Darwin’s spirit lives on in everything from the Human Genome Project to medicine to conservation biology–the three topics I covered in my post on Friday. It also lives on in brain scans.
While Darwin is best known for The Origin of Species, he also wrote a lot of books in later years, most of which explored some aspect of nature that he showed revealed the workings of evolution. His examples ranged from orchids to peacock tails. In his 1872 book, The Expression of the Emotions in Man and Animals, he proposed that the expressions we humans use–our smiles, our frowns, and so on–are part of a heritage that dates back millions of years, a heritage shared by other mammals. He pointed out that our face and bodies are partly controlled by reflex responses, controlled by nerves that are similar in man and beast. (Darwin here was building on the work of Thomas Willis, a personal hero of mine and the chief subject of my book Soul Made Flesh.) Darwin explored the baring of teeth, the widening of the eyes, and other the expressions made by people as well as cats, dogs, and other animals. Evolution, in other words, was as plain as the face in the mirror.
Expressions convey information, and the human brain is exquisitely sensitive to them. In recent years, neuroscientists have begun to map out the circuits dedicated to this information processing. The sight of a face, for example, activates a tiny region on the brain’s underside called the facial fusiform area. Another region high on the side of the brain, the superior temporal sulcus, is sensitive to moving lips and eyes. And most interestingly of all, an almond-shaped clump of neurons called the amygdala buried deep within the brain, becomes active at the sight of emotions on faces–particularly the scowls of anger and bared teeth of fear.
The amygdala is an extraordinary bit of brain, shared by humans, monkeys, rats, fish, and all other vertebrates. In the 1970s, neuroscientists first recognized it as Fear Central. A rat sees a light go on and gets a shock. It sees the light go on again and gets another shock. After a while, the rat becomes terrified at the sight of the light. But if you take out the rat’s amygdala, it never makes this fearful connection. Not all fears are learned, though. Monkeys, for example, are scared at the sight of snakes (including fake ones) even when they haven’t seen one before. Monkeys without amygdalas will run up to a fake snake and play with it. Later research showed that it becomes active in human brains at fearful sights, such as a pointed gun. (A good place to learn about the amygdala is Joseph LeDoux’s web site at NYU.)
When incoming signals activate the amygdala, it sends out signals to other regions of the brain. Hormones start to race through the body, and the brain becomes more alert to sights and sounds. It can even control the brain and body without our awareness. A quick flash of a scary sight is enough to activate it, even if it is too quick to register in the conscious brain. Scientists now believe that the amygdala gets a brief early edition of the news coming into the brain before the same information gets processed through higher regions in the cortex.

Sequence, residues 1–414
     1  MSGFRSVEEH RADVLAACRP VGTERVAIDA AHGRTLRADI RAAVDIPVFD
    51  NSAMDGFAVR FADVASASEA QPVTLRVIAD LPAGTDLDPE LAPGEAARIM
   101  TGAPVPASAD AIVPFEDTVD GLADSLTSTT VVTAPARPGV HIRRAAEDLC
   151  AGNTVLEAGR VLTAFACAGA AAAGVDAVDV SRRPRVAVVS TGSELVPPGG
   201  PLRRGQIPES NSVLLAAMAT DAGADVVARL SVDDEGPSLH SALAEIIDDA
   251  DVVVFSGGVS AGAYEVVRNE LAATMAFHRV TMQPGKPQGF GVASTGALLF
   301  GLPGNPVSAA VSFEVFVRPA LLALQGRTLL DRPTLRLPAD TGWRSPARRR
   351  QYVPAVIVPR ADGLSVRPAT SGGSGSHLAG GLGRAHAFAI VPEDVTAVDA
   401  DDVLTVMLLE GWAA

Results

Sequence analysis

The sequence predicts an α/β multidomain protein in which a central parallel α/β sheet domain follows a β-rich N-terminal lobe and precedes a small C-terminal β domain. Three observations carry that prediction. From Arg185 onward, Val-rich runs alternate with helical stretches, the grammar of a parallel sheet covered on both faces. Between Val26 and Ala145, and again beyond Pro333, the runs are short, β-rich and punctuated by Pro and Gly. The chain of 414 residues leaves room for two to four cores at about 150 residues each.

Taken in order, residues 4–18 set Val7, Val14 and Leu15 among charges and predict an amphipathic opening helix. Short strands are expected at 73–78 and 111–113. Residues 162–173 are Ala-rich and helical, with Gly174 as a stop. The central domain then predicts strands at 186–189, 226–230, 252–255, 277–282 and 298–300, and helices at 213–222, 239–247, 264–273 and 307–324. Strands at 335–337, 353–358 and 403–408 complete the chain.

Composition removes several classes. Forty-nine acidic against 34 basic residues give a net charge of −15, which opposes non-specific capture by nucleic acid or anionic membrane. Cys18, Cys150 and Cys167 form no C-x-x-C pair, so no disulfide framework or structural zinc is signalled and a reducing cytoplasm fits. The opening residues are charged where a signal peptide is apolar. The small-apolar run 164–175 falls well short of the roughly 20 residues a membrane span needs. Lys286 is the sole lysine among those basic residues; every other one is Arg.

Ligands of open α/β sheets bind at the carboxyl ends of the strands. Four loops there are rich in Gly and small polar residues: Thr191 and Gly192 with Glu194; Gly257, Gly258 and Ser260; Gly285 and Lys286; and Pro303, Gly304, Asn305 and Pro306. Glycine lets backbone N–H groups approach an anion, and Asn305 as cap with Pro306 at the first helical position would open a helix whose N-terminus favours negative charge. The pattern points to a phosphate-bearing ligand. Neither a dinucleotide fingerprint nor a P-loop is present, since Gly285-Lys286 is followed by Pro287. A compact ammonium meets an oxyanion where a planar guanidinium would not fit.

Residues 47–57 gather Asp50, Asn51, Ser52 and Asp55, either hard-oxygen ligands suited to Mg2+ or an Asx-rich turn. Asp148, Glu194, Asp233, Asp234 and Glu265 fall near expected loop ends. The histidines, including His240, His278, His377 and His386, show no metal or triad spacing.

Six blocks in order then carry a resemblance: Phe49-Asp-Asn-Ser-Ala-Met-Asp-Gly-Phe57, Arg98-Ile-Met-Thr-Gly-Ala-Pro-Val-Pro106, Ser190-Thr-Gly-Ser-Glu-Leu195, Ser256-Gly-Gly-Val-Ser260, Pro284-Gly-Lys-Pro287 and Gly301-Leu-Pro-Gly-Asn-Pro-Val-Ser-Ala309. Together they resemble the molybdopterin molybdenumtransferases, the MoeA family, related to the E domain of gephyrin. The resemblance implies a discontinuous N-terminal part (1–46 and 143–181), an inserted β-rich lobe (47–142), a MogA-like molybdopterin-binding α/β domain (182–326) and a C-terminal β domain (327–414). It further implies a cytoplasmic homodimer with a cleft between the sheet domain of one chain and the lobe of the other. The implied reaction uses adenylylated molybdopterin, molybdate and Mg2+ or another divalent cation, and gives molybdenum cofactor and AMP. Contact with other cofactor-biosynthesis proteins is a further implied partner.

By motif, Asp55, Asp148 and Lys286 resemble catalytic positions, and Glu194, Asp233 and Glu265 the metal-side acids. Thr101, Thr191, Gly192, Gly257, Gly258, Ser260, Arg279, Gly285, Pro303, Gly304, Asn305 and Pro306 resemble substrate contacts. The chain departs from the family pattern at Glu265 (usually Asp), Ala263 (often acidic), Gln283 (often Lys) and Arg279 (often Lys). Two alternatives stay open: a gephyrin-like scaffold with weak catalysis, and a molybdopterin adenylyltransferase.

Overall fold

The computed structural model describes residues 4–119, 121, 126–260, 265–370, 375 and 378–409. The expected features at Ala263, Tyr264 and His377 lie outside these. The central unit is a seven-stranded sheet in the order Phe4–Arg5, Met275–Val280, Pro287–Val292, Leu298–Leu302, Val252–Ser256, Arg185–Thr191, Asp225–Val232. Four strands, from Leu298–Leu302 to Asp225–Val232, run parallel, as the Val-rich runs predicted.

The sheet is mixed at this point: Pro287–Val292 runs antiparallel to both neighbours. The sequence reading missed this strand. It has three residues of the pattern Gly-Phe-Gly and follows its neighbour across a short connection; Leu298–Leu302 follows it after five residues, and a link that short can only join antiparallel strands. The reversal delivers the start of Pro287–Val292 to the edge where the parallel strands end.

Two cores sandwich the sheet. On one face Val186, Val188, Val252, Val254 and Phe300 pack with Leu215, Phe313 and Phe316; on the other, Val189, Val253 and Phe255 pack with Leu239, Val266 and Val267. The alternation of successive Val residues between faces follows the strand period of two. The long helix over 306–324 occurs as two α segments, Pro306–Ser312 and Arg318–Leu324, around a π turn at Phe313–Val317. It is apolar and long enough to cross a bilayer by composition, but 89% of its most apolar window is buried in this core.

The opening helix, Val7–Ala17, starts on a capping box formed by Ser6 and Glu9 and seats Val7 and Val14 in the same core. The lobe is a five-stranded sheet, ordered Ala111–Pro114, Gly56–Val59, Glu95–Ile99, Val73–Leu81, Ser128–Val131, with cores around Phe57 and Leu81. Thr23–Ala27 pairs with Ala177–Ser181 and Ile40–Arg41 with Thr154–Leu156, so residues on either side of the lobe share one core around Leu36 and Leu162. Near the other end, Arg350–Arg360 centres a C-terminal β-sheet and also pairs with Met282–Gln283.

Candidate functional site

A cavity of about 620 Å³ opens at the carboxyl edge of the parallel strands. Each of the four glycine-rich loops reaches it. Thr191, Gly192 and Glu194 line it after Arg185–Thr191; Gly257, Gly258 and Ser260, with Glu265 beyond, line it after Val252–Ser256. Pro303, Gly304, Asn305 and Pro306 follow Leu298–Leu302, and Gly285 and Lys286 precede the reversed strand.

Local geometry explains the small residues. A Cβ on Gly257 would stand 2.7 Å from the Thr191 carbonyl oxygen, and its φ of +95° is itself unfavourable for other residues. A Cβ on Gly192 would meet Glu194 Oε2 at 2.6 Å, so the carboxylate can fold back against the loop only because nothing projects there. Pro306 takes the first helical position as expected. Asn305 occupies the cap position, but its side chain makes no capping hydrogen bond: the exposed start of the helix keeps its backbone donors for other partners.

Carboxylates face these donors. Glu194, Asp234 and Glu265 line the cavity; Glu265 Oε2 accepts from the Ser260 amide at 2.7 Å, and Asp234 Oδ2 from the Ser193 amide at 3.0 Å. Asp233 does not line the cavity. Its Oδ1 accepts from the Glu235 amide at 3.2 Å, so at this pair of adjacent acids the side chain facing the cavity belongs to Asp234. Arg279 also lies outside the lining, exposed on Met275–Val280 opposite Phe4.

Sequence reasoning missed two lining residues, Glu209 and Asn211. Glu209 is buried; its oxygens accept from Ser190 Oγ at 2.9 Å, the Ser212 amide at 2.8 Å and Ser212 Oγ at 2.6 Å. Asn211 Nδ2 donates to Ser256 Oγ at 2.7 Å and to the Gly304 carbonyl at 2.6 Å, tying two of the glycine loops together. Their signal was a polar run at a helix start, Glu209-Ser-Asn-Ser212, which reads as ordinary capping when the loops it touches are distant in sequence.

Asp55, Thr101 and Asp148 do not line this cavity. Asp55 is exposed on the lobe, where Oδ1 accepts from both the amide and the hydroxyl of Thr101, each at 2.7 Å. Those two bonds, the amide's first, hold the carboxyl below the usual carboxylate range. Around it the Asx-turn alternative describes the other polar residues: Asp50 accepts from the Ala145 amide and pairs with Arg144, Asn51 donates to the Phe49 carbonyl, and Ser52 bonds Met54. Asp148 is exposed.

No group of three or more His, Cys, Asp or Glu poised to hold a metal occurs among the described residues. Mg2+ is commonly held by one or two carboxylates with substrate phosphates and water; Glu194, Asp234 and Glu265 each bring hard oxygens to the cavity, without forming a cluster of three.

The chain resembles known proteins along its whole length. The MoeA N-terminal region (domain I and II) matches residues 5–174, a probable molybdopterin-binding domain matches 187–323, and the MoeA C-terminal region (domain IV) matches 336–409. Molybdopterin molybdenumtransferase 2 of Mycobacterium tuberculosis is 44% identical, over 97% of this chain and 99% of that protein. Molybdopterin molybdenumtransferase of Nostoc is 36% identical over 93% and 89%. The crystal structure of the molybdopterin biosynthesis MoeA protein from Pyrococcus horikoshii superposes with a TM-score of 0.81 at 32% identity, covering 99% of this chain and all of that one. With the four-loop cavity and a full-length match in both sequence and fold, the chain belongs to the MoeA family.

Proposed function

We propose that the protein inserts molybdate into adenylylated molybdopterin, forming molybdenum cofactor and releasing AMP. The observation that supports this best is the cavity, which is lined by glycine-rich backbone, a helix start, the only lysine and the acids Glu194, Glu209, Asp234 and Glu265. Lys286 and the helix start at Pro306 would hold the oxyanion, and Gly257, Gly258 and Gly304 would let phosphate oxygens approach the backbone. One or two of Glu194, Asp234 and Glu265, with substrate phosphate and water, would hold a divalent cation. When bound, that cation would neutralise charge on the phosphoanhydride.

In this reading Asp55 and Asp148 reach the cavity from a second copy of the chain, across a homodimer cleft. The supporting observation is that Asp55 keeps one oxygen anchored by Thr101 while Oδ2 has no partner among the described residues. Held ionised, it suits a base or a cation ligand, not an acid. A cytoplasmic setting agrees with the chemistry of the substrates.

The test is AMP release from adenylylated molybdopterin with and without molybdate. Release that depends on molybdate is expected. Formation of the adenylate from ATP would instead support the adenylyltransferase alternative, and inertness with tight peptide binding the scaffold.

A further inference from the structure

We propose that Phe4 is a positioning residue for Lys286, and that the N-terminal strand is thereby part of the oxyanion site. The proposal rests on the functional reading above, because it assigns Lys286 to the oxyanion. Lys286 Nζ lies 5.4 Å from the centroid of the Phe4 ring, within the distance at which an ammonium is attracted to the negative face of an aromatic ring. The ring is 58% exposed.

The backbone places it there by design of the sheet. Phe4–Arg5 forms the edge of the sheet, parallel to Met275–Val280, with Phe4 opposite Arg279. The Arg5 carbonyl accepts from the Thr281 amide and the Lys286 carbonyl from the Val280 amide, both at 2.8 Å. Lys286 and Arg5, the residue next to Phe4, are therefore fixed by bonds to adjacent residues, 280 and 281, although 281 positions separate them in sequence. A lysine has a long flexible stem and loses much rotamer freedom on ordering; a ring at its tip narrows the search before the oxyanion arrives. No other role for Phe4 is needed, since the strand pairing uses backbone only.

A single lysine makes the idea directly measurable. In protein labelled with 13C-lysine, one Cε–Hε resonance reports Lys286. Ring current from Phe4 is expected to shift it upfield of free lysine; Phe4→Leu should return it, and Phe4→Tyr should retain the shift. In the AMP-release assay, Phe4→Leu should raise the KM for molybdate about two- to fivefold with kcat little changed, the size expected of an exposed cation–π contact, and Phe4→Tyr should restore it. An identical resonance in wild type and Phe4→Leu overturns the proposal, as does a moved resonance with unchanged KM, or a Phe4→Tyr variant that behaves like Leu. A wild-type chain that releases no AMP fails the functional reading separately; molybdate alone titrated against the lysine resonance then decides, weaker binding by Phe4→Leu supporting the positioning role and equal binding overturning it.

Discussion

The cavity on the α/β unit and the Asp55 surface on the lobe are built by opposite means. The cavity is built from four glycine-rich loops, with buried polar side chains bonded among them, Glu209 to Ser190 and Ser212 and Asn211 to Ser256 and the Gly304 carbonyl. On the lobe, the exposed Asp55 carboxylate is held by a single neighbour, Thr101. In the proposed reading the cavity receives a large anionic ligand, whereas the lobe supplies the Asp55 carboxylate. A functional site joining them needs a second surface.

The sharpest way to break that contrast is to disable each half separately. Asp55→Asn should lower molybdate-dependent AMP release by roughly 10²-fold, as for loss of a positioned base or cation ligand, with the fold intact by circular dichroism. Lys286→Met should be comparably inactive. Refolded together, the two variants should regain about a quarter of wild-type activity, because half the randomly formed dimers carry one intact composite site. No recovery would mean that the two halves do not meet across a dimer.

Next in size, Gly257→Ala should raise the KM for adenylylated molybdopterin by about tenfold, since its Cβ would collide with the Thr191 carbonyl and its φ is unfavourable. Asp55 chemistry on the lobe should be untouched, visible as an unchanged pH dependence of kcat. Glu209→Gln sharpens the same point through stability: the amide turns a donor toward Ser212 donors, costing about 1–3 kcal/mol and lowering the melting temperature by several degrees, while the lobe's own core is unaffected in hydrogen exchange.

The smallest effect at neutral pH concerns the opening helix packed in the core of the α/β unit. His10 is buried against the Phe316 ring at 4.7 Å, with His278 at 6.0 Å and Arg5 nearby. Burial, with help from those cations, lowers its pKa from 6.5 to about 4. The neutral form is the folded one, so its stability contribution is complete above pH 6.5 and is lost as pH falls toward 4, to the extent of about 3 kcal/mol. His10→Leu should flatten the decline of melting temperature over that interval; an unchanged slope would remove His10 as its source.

The amygdala lets us take quick actions that make the difference between life and death. It also lets us recognize other important signs of danger, such as angry or frightened faces on other people. These faces may be reacting to a threat (a lion bursting out of the brush), or they may belong to a person with malice on his mind. In this work the amygdala joins forces with the facial fusiform area, which responds more strongly when the amygdala responds strongly.
But Darwin had more than faces in mind when he first explored the evolutionary heritage. He pointed out that the body has its own expressions of fear, joy, and anger. They often come together in reflexive packages–think of the hair rising up on a cats back as it bares its teeth. Given what we know now about facial expressions in the brain, another possibility naturally emerges: if the brain has dedicated circuits sensitive to information in the face, perhaps there are also circuits dedicated to picking up emotional information in the body.
In today’s issue of the journal Current Biology, two Harvard neuroscientists put this idea to the test. They placed people in an MRI scanner and then showed them a series of pictures. Some of the pictures were of people in fearful positions, with their faces blurred out (like the one at the top of this post). In other pictures, people raised their arms in meaningless ways. The neuroscientists then compared the responses of their subjects’ brains to both groups of images and found indeed that certain regions were sensitive only to the sight of fearful bodies. Remarkably, they were the amygdala and the facial fusiform area, the same regions that are sensitive to fearful faces. The scientists conclude that these regions work together to get as much information they can about emotions such as fear, whether in the geometry of widened eyes or cowering shoulders. It’s an example–one of many these days–of how Darwin’s musing are being mapped onto the anatomy of the thinking brain.